Lyric Persuasions at Poets House

by Vasiliki Katsarou

This spring, just before she was awarded the Pulitzer Prize for her poetry, I went to hear Rae Armantrout read and discuss her work with Zen priest and poet Norman Fischer.  The program was organized by Poets House in New York, at its new, glistening home in Battery Park City.  The evening program was entitled “Lyric Persuasions”and its purpose was to discuss the contemporary lyric poem.

Armantrout is a West Coast poet who has been peripherally attached to the Language Poetry movement.  In recent years, there has been a development in her poetry towards an exquisite collage of “found language.”  From her latest book, VERSED:

The outer world means
State Farm Donuts Tae Kwando?

Thoughts as spent fuel rods.
—from “Outer”

The child fights cancer
with the help
of her celebrity fan club,

“Now I know how hard it is
to be a movie star.”


my avatar’s not working!”


Armantrout began her talk with a nod toward the lyric as generally understood:  a refraction of personal sensibility and emotion through the singular consciousness and language of a “privileged” speaker:  the poet.  Armantrout went on to say that since the confessional poetry of the 60s and early 70s, this personal emphasis in poetry has essentially gone out of style, to be replaced by other concerns: be they political or more narrowly “linguistic.”  The philosopher Theodor Adorno’s warning “how can there be poetry after Auschwitz?” was reflected in an audience member’s observation that “language is always suspect and meaning is almost exclusively associated with propaganda.”  In the second half of the 20th century, and certainly since the Language poetry movement, contemporary poetry has been more and more infused with a sense of itself as a construct—and not any sort of transparent conveyance of the voice of the poet into the mind of the reader.

Armantrout gave an example from the poetry of Michael Palmer (an influential Language poet).  These lines are from his poem “And Sighs Again (Autobiography 15)”:   Did I say father and son // when I meant / farther and farther from the sun // Did I say fold / when I meant fault

Any meaning suggested in the poem seems to be undercut by the words themselves.  Meaning proffered is simultaneously meaning withheld, compelling the reader to step into the breach and (re)construct the poem for him or herself.  Armantrout described Palmer’s poem as an example of “artful self-erasure,” and Fischer agreed that this was essentially what Armantrout herself accomplished in her own work.  Armantrout noted that poetry that “opens meaning up” is preferable to poetry that “closes meaning”—that narrows it down to the personal intentions of any individual author.  Understood in these terms, poetry is theoretically more “democratic” in that it is open to the approach of any reader.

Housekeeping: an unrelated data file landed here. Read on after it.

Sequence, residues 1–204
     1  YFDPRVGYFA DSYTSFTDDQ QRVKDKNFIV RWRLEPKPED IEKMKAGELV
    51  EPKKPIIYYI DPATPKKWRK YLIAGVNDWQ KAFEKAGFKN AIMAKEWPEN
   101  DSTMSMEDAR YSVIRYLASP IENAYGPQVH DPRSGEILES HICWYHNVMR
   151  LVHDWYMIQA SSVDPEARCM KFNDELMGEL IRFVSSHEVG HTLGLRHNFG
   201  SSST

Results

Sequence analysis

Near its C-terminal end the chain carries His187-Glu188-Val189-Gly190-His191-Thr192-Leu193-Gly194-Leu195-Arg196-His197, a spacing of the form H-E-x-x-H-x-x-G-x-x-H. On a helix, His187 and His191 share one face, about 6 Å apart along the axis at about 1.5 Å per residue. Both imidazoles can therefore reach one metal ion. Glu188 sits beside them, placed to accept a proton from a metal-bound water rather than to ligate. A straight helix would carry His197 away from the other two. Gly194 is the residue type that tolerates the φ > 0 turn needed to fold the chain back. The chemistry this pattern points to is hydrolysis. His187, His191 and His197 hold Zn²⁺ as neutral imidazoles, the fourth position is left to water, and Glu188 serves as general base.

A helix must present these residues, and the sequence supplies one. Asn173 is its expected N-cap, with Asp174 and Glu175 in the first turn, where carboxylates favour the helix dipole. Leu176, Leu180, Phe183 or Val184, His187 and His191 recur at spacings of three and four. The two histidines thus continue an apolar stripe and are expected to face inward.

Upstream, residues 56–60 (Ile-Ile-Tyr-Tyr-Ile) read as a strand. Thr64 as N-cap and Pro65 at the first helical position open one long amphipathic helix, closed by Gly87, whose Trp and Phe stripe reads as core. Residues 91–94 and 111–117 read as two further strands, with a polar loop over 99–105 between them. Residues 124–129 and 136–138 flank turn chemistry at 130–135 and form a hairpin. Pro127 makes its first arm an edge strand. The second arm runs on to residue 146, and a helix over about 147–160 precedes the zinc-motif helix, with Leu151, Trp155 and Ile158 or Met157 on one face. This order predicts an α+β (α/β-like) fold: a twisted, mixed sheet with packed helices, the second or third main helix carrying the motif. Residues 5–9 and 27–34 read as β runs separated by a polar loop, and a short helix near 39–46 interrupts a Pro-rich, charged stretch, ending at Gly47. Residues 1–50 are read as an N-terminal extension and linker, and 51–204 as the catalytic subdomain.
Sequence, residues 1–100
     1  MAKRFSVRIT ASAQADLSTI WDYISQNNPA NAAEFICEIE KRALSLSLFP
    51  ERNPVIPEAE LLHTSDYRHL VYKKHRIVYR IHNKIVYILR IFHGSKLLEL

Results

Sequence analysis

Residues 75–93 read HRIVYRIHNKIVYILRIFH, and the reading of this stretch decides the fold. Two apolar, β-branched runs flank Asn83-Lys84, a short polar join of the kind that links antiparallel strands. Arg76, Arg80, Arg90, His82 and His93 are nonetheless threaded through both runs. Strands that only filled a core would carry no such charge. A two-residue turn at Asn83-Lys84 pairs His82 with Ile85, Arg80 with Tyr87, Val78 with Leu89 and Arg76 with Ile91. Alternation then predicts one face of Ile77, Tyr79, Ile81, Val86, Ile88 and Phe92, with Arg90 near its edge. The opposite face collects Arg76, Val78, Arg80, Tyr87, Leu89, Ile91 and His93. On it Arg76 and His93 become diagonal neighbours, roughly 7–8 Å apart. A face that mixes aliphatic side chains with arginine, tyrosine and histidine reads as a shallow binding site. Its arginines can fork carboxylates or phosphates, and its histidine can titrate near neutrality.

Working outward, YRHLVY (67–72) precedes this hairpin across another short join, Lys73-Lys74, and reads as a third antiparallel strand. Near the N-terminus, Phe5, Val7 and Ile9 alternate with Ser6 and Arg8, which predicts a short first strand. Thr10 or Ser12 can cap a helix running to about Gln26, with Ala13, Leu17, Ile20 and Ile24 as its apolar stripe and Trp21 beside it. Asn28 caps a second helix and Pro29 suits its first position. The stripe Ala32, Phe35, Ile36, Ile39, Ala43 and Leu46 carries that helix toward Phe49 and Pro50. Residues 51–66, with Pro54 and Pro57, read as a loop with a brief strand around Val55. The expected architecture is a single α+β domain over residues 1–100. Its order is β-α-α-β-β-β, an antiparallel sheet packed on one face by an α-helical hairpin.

In the revealing Foreword to Rae Armantrout’s collection, VEIL, published by Wesleyan University Press in 2001, poet, critic and sometime collaborator Ron Silliman noted that Armantrout works with her poems over years, gradually eliminating personal indicators, and especially pronouns like “I, you, he, she.”  He observes that the resulting experience of reading her poetry is more “interior” for the reader.  Whereas at Poets House, Armantrout and Fischer framed their work in the context of the lyric, Silliman calls her poetry in his Foreword, “the literature of the vertical anti-lyric”; a “machine made of words”; “meaning management”; and poetry that is “directly opposed to the vignette school of suburban verse.”  Given the untenable speaker in her poems, they “don’t ever propose resolution.”

During the Q & A, I asked Armantrout and Fischer about implications:  if meaning is not “fixed” in any definitive way, how to know whether the poem one is writing is “done,” and how much responsibility and work is expected on the part of reader to “complete” the poetic process?  In answering the question, both poets gave a nod to Octavio Paz’ belief in poetry as something that protects an aspect of language that would otherwise be consumed by the everyday uses of language in media, advertising, and propaganda.  Fischer went further, referring to a sacred element in poetry that is offered up as if toward a god, and that as such, he imagined a reader as “overhearing” this one-way dialogue.

The contemporary poetry world is a vast place indeed, filled with myriad poetry circles that collide, cause friction and delight, but are not absorbed by or readily reducible to each other.  For some poets, language is a time-tested tool whose soundness has been long-demonstrated.  Like a shovel or a pail whose contours are recognizable to all, language can be counted on to support and move meaning from one location (poet) to another (reader).

For other poets, there is some wariness toward the tools themselves, some awareness of the cracks, the patina, the weaknesses.  These poets set out to create something less recognizable than a wall or a tower, but a more singular, imperfect, vulnerable structure—something like an artifact of our time.

—Vasiliki Katsarou

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